GitHub has been hit by what may be the biggest DDoS attack in history, but was offline for just ten minutes. The service is used all over the world by developers looking to host and refine their code, making it an essential part of many companies.
According to GitHub network boss Sam Kottler, the February 29 attack peaked at 1.3 TB, making it larger than the Dyn cyber attack that took out websites across the US last year. The attack began at 17:21 and was mitigated by 17:30 thanks to Akamai's DDoS mitigation service.
The attackers abused Memcached instances to send huge amounts of data, amplifying the attack by up to 51,000. It's not the first time GitHub has been the target of DDoS attacks, with Chinese government suspected as one of the attackers in a five-day 2015 attack.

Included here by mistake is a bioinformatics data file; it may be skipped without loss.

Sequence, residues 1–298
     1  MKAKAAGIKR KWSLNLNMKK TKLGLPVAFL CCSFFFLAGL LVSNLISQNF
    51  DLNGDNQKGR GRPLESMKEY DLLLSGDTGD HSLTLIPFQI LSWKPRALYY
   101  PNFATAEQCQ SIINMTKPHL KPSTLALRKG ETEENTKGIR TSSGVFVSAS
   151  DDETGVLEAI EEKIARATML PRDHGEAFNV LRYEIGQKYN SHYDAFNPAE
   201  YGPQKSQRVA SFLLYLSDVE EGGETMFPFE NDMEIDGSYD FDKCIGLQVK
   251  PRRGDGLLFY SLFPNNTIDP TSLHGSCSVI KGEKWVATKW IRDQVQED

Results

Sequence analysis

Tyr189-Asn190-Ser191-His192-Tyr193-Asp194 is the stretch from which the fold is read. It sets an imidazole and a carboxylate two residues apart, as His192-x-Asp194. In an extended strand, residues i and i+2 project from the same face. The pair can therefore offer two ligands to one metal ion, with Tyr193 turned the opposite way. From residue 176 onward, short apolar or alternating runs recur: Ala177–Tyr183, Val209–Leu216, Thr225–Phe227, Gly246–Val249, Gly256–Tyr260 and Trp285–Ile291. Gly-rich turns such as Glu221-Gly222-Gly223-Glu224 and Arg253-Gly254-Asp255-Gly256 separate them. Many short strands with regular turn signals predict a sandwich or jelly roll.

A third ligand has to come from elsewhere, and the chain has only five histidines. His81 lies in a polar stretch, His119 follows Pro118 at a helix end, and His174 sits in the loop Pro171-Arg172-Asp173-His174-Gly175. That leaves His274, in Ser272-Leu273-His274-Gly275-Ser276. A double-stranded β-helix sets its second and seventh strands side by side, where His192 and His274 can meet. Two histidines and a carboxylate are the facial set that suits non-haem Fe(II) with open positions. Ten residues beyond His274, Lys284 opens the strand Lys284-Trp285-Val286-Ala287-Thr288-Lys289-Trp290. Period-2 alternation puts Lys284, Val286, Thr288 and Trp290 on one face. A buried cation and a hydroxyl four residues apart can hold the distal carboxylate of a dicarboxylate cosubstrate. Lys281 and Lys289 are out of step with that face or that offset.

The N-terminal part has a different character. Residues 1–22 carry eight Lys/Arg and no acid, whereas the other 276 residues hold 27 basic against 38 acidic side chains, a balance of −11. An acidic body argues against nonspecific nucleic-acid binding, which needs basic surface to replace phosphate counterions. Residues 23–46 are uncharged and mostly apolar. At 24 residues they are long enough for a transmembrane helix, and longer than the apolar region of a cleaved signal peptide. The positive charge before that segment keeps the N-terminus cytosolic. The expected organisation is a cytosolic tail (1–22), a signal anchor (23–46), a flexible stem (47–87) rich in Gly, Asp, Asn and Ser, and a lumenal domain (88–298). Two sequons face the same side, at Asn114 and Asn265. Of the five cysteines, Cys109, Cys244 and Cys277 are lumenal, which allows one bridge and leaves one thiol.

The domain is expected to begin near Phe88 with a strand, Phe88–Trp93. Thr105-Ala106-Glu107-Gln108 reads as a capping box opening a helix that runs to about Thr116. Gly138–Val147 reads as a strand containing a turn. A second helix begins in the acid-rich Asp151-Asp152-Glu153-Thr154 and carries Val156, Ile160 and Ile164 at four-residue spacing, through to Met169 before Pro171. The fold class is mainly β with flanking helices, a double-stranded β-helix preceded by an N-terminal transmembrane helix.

Over the past year, GitHub has been hardening its infrastructure, but it doesn't seem to have been enough in this case. In the future, it's promised to “[make] GitHub's edge infrastructure more resilient to current and future conditions of the internet and less dependent upon human involvement.”
Microsoft and GitHub
Kottler says the company is aware of how much businesses rely on GitHub to succeed, and that can't be take for Microsoft. Statistics last year revealed that the company has the most open source contributor on the platform, numbering at over 16,000.
Alongside Microsoft are over 331,000 active organizations that rely on the platform, with 5.8 million active users. It's essential that GitHub is able to mitigate such attacks in the future, and it seems to be on the right path. DDoS attack mitigations often takes over an hour, while GitHub's was completed in minutes.